“Who wouldn’t want to pick up a chicken?”

Written by guest blogger Denise Deby, who has worked in international and community development, and is currently trying to figure out how to connect the local with the global in her everyday life.

Experimental Farm chicken 2, Denise Deby

“Who wouldn’t want to pick up a chicken?”

That’s a line from a trailer for Mad City Chickens, a movie by Tarazod Films about raising chickens in cities.  Mad City Chickens will be screened on Wednesday, October 14 at 7:00 p.m. at Saint Paul’s University Auditorium, 223 Main Street, as part of the Reel Food Film Festival.  Admission is free, or $5 suggested donation.

Following the film, the organization Just Food will hold a discussion about the possibility of raising chickens and other livestock in urban Ottawa.  This will inform Just Food’s “Food Secure Ottawa,” a project intended to come up with recommendations for municipal policies to improve access to foods in Ottawa.

Judging from its trailers, Mad City Chickens was created by somebody with a sense of humour, but it also looks like it will be a thought-provoking examination of this aspect of producing organic and local food.

There are lots of other links out there on urban farming locally and globally, such as:

  • City Farmer, a Vancouver-based source of information on urban agriculture;
  • RUAF, resources on urban agriculture world-wide.

*  *  *

Another opportunity to see a film and participate in a discussion on food issues is on Friday, October 16, when USC Canada will be holding a Forum called “What’s On Your Plate?” as part of World Food Day.  The event will feature a screening of The Story of Food, an animated short film, and a presentation by Wayne Roberts, author of the No-Nonsense Guide to World Food.  Reception starts at 6:30 p.m. at the Library and Archives Canada Auditorium at 395 Wellington, with film at 7:30 p.m.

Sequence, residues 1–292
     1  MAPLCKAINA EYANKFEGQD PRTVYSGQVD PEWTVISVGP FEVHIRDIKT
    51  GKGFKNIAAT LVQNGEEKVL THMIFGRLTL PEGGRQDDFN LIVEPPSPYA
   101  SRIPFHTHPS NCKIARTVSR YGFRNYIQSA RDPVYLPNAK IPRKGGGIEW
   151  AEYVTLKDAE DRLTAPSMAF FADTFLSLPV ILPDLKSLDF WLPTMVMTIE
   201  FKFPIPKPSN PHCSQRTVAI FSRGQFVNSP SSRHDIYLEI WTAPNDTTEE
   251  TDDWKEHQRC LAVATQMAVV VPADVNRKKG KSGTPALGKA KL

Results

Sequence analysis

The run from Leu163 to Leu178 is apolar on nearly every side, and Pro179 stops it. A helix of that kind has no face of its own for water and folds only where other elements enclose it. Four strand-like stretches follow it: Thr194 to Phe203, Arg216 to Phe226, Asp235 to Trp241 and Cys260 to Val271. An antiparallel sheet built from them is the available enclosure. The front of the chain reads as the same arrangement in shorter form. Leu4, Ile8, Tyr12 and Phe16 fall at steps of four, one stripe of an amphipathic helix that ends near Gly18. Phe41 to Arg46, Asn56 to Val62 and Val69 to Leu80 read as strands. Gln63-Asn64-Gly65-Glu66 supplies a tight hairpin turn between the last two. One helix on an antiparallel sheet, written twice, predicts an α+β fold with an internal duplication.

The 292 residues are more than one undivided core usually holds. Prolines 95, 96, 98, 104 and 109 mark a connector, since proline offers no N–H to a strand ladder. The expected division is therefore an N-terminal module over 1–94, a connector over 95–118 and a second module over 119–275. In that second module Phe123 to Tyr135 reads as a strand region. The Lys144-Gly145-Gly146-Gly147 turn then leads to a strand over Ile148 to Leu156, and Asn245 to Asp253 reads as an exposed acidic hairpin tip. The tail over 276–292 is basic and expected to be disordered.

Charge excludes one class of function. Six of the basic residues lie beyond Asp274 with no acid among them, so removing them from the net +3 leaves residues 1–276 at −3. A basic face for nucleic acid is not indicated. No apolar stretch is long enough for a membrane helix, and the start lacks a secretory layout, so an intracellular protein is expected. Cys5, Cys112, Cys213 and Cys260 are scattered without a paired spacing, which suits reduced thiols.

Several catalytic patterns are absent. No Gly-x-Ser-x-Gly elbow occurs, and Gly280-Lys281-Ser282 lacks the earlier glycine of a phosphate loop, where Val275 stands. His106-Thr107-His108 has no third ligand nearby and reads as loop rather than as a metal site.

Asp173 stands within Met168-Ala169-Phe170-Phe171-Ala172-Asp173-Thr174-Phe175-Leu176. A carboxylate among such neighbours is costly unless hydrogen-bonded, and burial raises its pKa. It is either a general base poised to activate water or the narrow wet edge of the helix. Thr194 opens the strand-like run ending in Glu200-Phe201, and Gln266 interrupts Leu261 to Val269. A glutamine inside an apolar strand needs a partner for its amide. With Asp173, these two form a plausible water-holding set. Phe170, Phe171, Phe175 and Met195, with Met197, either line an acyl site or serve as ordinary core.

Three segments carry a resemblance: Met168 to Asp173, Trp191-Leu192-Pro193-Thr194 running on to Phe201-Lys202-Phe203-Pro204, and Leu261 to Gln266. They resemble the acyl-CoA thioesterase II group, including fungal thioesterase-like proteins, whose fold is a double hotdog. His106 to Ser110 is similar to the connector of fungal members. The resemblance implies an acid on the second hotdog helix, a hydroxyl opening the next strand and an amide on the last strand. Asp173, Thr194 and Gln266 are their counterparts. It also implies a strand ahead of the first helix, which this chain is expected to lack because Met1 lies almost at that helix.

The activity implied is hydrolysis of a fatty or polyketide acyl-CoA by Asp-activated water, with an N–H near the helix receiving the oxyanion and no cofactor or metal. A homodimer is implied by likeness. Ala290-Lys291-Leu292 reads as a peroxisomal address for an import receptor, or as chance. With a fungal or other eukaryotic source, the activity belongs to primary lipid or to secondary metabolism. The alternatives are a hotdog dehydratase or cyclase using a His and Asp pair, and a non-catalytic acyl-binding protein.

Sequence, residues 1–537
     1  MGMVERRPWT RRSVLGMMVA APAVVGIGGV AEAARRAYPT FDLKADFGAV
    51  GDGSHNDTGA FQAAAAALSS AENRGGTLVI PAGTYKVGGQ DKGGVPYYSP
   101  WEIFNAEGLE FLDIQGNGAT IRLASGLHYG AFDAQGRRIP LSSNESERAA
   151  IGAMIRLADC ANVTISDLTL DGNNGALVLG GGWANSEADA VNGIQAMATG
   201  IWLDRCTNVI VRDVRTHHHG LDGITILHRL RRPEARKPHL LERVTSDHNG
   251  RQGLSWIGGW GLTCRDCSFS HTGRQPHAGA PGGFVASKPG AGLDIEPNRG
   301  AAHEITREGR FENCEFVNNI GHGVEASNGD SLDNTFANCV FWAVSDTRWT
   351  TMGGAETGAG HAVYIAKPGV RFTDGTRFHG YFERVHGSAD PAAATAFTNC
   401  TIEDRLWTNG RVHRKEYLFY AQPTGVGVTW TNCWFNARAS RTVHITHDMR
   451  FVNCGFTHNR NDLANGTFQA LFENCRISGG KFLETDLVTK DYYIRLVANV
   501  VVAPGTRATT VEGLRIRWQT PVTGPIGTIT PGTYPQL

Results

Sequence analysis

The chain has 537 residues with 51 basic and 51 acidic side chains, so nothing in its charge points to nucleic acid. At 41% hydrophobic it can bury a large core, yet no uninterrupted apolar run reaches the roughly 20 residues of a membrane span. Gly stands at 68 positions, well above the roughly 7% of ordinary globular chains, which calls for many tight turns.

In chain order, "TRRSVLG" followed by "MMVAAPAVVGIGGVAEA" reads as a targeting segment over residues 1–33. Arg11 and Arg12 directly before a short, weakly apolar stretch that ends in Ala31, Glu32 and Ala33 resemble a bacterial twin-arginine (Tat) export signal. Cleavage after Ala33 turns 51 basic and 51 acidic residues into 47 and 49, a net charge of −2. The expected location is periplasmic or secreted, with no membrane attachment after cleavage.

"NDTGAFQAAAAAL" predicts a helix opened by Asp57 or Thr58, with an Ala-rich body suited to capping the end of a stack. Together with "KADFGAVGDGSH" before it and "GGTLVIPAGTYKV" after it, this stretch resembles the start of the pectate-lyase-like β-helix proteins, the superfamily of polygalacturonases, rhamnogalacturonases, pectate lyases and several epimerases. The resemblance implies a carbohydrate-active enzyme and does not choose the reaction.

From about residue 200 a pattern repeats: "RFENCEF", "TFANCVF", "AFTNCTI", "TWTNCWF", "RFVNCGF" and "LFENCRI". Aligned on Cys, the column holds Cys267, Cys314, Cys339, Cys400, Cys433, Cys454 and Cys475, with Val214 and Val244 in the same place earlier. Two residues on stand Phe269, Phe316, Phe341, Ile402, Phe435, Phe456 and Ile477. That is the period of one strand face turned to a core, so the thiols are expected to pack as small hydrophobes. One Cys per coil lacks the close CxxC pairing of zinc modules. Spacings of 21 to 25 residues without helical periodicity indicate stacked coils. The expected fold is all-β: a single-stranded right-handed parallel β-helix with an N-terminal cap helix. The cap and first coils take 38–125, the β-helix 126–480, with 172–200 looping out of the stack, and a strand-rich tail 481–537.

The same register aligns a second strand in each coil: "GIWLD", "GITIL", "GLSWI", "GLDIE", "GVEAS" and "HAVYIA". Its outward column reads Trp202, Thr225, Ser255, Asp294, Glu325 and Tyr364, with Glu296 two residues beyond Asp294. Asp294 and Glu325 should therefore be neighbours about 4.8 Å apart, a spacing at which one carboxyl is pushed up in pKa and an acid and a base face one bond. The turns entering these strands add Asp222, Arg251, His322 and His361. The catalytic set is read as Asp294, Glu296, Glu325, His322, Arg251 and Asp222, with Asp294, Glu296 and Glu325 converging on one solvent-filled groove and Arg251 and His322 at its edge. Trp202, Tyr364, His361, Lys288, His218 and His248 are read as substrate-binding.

For yet more films showing locally on global environmental issues, check out the upcoming One World Film Festival (October 15, 23, 29 and 30).

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One thought on ““Who wouldn’t want to pick up a chicken?”

  • This is great – my boss lived in Mechanicsville and had three egg laying hens. When he had extras he would ask around at work if people wanted a half a dozen or so – I loved the idea that they were THAT local. He named the hens after his (and his partner’s) grandmothers! In the end there was a complaint from a neighbour – he’s been hen-less for two years now – such a shame!

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